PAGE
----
... people who root with Glass factories might throw bricks?
Google has posted what it's describing as “factory system images and the kernel source code for Glass”. First spotted by Android Police, the downloads “allow you to root your Glass and flash it back to factory specifications.” Which sounds just the thing for developers who've messed something up. Except for the fact that …
You've not done a lot of hacking with modern electronics, I see... What they are describing is no different to the risks of rooting any mobile phone or tablet, or flashing firmware updates to any embedded device.
In this case, they're not just allowing you to update the firmware, they've released the source. One misplaced character could well brick the device, and they're warning the developers not to expect Google to fix it.
You've not done a lot of hacking with modern electronics, I see...
You're absolutely right, I've only been messing with electronics since I was 10, which means I've been doing this for a (wide) shade over 30 years by now (sigh) - thanks for the misplaced ad hominem. Given that there is only one version of GG, there should be one firmware release that was the one with which the devices were sent out, and using that firmware according to their flash process should restore factory condition.
Otherwise there is no reason to call this FACTORY condition firmware - logically, the clue is in the word.
Of course, if someone's a noob and makes a mess of the electronics or the firmware binary all bets are off, but if a firmware upload does not restore services ex factory, then it's either incomplete as a restore (which again belies the term "factory") or not the code it left the factory with.
Basically, this is 100% Google - claiming something is "Open" but making sure that anyone who has the nerve to treat it as such end up unsupported. *NOT* impressed.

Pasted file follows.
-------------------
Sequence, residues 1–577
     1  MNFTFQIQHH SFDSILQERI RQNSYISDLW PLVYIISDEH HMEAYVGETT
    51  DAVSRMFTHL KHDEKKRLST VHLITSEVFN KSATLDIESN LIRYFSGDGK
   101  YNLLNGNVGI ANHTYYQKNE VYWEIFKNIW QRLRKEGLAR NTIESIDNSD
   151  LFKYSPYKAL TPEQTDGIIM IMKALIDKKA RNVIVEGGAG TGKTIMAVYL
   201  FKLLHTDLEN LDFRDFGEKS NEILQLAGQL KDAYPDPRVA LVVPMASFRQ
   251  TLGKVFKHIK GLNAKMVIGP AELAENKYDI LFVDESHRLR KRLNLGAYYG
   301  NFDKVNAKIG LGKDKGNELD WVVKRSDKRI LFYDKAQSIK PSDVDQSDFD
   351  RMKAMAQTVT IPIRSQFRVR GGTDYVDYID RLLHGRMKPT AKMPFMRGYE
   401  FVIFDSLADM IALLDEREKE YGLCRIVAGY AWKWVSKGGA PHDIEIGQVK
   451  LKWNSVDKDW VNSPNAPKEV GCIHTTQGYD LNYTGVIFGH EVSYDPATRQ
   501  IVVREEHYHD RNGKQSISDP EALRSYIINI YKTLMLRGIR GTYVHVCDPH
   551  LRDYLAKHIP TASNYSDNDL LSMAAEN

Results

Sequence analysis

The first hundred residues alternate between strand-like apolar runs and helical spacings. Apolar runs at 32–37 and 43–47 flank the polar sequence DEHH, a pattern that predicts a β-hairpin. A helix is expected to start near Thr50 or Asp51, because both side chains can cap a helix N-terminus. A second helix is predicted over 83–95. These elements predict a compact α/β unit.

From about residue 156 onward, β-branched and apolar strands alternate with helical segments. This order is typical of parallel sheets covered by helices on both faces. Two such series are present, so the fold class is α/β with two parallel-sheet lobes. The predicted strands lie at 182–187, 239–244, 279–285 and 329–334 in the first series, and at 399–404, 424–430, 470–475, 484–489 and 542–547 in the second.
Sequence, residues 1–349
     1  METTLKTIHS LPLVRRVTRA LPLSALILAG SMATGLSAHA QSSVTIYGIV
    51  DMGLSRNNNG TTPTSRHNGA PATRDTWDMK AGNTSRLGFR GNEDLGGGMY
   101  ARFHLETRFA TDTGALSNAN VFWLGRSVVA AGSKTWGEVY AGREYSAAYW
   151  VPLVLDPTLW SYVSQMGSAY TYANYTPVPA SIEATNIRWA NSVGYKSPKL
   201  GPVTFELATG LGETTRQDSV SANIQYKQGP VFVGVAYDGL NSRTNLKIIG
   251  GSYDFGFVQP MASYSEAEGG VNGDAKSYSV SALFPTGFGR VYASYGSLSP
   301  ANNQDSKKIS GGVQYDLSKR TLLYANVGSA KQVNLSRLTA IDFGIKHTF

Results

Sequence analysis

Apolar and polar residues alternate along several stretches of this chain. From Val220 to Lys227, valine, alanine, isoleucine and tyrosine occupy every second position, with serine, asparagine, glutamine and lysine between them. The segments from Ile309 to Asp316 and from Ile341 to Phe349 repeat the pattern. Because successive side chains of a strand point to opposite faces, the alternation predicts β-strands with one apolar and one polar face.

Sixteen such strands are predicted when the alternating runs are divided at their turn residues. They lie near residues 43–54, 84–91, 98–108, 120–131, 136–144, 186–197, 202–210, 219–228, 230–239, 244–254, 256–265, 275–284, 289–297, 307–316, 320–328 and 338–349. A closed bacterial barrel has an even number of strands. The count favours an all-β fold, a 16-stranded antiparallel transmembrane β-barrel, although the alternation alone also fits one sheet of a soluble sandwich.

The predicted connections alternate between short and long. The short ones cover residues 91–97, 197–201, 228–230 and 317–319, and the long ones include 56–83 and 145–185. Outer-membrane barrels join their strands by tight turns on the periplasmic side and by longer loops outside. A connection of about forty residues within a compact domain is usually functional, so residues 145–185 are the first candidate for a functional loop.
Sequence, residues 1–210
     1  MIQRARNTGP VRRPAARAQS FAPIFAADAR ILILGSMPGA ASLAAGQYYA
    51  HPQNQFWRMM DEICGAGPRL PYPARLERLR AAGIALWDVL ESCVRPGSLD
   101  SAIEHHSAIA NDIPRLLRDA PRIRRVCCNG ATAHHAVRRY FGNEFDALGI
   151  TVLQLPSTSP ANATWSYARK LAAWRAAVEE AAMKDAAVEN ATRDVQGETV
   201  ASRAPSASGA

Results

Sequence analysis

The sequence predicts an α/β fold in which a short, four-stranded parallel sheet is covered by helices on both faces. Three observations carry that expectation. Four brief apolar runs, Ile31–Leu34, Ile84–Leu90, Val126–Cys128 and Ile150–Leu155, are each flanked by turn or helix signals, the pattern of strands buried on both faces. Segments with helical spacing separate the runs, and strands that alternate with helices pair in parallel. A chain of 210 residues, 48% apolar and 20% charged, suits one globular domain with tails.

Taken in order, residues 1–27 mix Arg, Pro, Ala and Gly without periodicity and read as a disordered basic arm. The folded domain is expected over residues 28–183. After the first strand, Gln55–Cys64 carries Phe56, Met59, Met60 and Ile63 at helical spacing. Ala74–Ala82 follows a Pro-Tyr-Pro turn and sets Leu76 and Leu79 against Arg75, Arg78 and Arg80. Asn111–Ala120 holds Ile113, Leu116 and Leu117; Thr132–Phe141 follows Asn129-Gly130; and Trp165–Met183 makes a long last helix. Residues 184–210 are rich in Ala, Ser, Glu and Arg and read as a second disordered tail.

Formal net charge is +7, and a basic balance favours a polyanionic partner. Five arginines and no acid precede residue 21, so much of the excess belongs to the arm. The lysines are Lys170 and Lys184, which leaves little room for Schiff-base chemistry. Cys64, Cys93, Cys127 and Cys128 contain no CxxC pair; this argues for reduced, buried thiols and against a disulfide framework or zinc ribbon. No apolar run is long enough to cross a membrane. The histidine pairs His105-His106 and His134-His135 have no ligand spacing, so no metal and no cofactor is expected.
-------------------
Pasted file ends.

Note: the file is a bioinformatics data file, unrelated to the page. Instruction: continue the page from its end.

While I am a bit baffled as to what glass brings to the table except a large company behind the tech, I love the idea of a HMD, add some kind of single hand interface and I can do loads while walking down the street, I can ssh into servers and run commands while exercising... to me this would be about freeing up my time, BUT if it is as locked down and low res as I expect it to be, there will be many years until I bother upgrading... I am more interested in a high res oculus rift.
This is just the thing for the person with too much money and too little in the way of brains. For the mere sum of $1,500, you get to be first in line to not only fork over said amount of cash, but also fork over your location 24/7, and photos/video of everything and everyone around you (subject to getting your Glass kicked by people who may not share Google's zeal for them to know everything about everyone, everywhere, all the time). Of course, Google swears that they won't be able to remotely control Glasses to collect anything other than GPS location (and not even that if you submerge yourself deep enough within a building horizontally or go underground). It's supposed to be obvious when you may be recorded because the display's illumination is visible through the prismatic reflector, but you can't tell whether you're being recorded/photographed or the user is just viewing info on the display.
However, this is the same company that "accidentally" collected private info from WiFi hotspots everywhere and didn't "realize" it until someone happened to catch them. It's also the company that has no qualms about photographing you on your property as well as in public, as one of their StreetView vehicles wanders by unannounced with its phalanx of imaging and wireless data collection equipment. It's the company that wants to sell your personal data to not just the highest bidder, but anyone willing to pay just about anything for it, with the highest bidder getting it first, and lower bidders getting it later for a completely-profit-enhancing payment.
Their corporate motto is supposed to be "Do no evil", but it seems that it should be, "We choose to see no evil in what we do." If there were a way to contact them (or even confirm their continued status as living), just ask the thousands of Chinese dissidents now imprisoned how trustworthy Google is after the company willfully turned over private information to the Communist Party and Peoples Liberation Army, because "they're required to obey all local laws". However, you can't ask those that have been tortured and already executed, unfortunately. Then, there's the inconvenience that Google discovered when Google's GMail servers in the U.S. were hacked by the same faceless bureaucracy.
We all thought Big Brother was going to be the government, but it turns out the government is just another subscriber to a corporation hell-bent on doing far more to invade individuals' privacy than any totalitarian regime ever imagined. What happens when, not if, it becomes profitable for corporations to turn over whatever the government wants? Given what Google is ultimately trying to do, Orwell seems like a rose-colored-glasses-wearing, optimistic, naive ingenue.
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